uu.seUppsala University Publications
Change search
ReferencesLink to record
Permanent link

Direct link
Procedural and Declarative Memory in Children with Developmental Disorders of Language and Literacy
Uppsala University, Disciplinary Domain of Medicine and Pharmacy, Faculty of Medicine, Department of Neuroscience, Logopedi. (Speech-Language Pathology research group)
2013 (English)Doctoral thesis, comprehensive summary (Other academic)
Abstract [en]

The procedural deficit hypothesis (PDH) posits that a range of language, cognitive and motor impairments associated with specific language impairment (SLI) and developmental dyslexia (DD) may be explained by an underlying domain-general dysfunction of the procedural memory system. In contrast, declarative memory is hypothesized to remain intact and to play a compensatory role in the two disorders. The studies in the present thesis were designed to test this hypothesis.

Study I examined non-language procedural memory, specifically implicit sequence learning, in children with SLI. It was shown that children with poor performance on tests of grammar were impaired at consolidation of procedural memory compared to children with normal grammar. These findings support the PDH and are line with previous studies suggesting a link between grammar processing and procedural memory.

In Study II, the same implicit sequence learning paradigm was used to test procedural memory in children with DD. The DD group showed a learning profile that was similar to that of children with SLI in Study I, with a significant impairment emerging late in learning, after extended practice and including an overnight interval. Further analyses suggested that the DD impairment may not be related to overnight consolidation but to the effects of further practice beyond the initial practice session. In contrast to the predictions of the PDH, the sequence learning deficit was unrelated to phonological processing skills as assessed with a nonword repetition task.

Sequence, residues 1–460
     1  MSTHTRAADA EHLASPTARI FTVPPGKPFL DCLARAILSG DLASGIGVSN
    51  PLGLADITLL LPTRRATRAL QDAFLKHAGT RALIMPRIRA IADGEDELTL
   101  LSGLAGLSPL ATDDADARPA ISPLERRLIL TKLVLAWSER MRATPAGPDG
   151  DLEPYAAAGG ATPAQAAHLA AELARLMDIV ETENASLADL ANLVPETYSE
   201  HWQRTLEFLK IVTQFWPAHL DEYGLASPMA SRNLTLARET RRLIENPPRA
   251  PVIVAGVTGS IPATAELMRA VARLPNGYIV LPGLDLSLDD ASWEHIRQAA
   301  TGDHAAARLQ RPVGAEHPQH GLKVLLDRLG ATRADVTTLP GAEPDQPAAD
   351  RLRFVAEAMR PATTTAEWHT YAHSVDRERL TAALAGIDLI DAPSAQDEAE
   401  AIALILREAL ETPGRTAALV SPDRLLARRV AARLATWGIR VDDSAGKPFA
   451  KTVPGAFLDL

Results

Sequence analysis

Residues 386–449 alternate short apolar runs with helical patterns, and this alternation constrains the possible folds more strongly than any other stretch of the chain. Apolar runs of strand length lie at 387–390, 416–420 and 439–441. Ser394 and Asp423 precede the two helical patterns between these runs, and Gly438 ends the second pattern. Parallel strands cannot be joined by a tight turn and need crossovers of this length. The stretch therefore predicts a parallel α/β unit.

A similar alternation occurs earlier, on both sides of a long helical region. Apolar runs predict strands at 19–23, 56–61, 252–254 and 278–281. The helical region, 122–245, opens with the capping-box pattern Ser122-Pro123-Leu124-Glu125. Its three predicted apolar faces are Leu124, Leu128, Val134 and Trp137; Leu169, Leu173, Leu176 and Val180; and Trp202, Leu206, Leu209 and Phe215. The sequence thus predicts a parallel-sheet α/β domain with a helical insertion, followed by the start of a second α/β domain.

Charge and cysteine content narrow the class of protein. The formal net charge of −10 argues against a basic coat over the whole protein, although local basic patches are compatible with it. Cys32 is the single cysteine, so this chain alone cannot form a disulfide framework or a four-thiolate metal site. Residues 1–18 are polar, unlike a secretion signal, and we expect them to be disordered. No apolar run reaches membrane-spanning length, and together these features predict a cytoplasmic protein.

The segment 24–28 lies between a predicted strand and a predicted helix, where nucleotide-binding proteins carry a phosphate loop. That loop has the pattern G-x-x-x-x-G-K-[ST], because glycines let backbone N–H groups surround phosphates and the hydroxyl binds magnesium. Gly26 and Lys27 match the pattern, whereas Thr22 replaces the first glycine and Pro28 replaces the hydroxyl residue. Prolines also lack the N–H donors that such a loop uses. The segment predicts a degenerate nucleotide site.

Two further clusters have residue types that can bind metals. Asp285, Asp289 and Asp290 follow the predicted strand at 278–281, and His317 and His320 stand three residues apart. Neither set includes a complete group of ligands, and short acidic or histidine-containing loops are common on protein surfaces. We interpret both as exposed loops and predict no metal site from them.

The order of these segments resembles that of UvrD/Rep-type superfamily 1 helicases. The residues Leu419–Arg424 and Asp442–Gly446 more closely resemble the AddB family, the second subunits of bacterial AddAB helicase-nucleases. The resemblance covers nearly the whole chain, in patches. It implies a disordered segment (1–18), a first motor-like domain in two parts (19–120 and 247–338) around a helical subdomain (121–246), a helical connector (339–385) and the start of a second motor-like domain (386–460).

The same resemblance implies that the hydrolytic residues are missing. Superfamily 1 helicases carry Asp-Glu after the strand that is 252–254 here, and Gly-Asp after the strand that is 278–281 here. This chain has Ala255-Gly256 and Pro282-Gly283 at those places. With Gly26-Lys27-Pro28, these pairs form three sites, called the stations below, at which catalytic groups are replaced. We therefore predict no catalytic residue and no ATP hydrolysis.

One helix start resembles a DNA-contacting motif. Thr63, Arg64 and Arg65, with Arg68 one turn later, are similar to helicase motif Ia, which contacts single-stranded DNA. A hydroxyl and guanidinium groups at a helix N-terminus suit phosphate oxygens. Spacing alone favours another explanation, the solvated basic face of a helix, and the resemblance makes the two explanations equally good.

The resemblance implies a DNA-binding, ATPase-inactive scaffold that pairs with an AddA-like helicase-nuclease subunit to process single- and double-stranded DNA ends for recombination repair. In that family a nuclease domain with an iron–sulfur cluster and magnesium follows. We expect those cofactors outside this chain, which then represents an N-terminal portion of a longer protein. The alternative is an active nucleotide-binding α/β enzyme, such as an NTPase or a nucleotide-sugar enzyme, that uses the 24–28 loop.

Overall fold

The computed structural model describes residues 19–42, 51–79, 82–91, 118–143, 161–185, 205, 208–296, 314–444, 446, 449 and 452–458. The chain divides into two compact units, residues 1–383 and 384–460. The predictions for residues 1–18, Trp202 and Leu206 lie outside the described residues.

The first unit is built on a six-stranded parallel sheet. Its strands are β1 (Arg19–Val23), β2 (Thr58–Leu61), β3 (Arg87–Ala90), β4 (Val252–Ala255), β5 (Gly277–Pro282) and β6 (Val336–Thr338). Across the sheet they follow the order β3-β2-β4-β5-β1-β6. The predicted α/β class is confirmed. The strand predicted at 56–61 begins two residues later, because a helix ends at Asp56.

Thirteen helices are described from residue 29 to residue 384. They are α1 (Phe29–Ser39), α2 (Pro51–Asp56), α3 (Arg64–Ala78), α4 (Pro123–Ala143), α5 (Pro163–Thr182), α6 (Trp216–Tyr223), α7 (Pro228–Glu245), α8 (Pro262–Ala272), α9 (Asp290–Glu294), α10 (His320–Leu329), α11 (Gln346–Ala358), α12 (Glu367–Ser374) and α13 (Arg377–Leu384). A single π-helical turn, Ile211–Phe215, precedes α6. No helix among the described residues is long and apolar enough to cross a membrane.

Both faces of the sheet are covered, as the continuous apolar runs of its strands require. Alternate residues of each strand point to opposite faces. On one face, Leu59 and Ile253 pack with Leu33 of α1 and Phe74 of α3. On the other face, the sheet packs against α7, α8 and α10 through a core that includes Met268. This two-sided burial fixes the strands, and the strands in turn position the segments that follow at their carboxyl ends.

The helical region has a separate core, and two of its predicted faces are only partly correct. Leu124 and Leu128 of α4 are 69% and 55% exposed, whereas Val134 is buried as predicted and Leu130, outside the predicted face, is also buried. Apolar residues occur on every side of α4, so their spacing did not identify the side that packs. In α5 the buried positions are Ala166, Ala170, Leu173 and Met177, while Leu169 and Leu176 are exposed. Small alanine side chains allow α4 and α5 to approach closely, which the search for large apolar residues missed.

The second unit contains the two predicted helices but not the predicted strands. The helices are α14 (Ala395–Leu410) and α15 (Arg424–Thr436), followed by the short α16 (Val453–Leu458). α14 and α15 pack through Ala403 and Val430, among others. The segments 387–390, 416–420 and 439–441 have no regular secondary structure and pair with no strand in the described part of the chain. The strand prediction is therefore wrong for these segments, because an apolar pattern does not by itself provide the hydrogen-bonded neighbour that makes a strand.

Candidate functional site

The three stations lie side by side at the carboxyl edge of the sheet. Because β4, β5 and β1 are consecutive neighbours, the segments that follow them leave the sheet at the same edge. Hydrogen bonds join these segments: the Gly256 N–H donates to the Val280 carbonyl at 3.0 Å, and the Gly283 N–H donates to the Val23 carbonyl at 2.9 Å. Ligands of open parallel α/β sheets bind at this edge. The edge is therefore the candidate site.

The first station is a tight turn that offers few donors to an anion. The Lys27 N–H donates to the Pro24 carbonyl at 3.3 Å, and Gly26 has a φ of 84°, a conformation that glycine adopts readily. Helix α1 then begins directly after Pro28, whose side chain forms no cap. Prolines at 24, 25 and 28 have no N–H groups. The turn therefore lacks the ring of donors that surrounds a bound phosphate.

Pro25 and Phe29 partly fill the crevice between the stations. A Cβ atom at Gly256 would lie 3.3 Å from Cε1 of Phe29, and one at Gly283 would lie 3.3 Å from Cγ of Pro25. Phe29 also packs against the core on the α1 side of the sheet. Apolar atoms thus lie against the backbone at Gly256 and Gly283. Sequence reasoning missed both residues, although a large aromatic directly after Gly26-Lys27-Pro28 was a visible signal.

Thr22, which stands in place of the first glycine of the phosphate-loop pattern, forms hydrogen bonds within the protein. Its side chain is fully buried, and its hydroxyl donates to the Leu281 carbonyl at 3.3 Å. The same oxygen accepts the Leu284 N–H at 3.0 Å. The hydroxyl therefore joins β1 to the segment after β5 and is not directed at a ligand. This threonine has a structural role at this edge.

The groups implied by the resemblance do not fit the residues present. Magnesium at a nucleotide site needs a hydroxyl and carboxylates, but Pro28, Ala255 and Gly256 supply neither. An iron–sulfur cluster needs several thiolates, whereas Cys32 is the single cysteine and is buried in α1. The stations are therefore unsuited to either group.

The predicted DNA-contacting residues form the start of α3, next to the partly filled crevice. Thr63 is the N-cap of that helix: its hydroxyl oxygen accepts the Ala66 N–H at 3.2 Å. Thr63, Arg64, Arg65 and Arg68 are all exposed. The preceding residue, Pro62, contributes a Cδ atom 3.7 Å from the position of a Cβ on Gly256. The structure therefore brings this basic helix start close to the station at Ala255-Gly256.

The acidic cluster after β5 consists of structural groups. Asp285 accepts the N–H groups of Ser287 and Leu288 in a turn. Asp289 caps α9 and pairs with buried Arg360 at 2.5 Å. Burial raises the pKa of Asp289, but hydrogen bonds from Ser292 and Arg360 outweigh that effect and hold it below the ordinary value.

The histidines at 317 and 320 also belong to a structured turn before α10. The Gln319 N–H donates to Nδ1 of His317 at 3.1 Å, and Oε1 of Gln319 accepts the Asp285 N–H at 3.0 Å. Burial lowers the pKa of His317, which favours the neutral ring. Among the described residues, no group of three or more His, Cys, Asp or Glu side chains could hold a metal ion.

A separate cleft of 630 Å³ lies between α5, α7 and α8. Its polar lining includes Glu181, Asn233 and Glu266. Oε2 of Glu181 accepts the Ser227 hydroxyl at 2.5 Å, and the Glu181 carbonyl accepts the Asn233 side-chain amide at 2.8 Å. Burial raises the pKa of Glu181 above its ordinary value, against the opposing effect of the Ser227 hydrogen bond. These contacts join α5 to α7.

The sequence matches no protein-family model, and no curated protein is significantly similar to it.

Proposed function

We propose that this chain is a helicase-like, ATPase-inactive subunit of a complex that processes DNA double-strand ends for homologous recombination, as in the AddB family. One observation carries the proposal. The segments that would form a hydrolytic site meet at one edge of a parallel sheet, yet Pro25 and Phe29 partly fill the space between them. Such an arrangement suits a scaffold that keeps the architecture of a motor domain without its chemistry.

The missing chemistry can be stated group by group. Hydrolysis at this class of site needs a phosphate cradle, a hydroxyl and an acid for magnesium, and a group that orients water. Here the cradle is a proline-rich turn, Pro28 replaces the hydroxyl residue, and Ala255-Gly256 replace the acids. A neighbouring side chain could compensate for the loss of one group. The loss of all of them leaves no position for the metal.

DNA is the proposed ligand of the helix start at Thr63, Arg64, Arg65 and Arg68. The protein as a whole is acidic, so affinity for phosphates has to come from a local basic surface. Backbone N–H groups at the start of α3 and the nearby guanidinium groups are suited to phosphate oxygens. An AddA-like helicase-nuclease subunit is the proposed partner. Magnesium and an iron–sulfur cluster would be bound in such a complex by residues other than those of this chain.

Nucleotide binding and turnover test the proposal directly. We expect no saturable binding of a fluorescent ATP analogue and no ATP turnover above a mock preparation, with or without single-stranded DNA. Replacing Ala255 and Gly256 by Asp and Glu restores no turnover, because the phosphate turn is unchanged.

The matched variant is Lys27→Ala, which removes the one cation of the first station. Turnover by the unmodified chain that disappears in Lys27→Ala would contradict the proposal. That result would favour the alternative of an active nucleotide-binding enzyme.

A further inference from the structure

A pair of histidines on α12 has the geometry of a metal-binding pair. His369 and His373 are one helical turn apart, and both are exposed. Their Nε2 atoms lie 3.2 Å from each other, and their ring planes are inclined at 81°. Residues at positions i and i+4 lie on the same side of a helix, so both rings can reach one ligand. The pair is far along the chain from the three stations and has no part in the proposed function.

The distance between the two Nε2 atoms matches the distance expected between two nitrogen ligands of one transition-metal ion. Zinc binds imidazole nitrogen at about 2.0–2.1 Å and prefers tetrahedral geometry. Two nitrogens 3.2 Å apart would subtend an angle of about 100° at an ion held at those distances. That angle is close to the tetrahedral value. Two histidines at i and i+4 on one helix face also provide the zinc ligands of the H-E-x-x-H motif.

Study III examined declarative memory in DD. The performance of the DD group was found to be not only intact, but even enhanced, compared to that of the control children. The results encourage further studies on the potential of declarative memory to compensate for the reading problems in DD.

In sum, the results lend partial support for the PDH and suggest further refinements to the theory. Collectively, the studies emphasize the importance of going beyond a narrow focus on language learning and memory functions in the characterization of the two disorders. Such a broader cognitive, motor and language approach may inform the development of future clinical and pedagogical assessment and intervention practices for SLI and DD.

Place, publisher, year, edition, pages
Uppsala: Acta Universitatis Upsaliensis, 2013. , 98 p.
Digital Comprehensive Summaries of Uppsala Dissertations from the Faculty of Medicine, ISSN 1651-6206 ; 917
Keyword [en]
Specific Language Impairment, Developmental Dyslexia, Procedural memory, Declarative memory, Implicit sequence learning
National Category
Medical and Health Sciences
URN: urn:nbn:se:uu:diva-204245ISBN: 978-91-554-8707-2OAI: oai:DiVA.org:uu-204245DiVA: diva2:638188
Public defence
2013-09-13, Gustavianum, Uppsala, 13:15 (English)
Available from: 2013-08-23 Created: 2013-07-28 Last updated: 2014-01-07
List of papers
1. Grammar predicts procedural learning and consolidation deficits in children with Specific Language Impairment
Open this publication in new window or tab >>Grammar predicts procedural learning and consolidation deficits in children with Specific Language Impairment
Show others...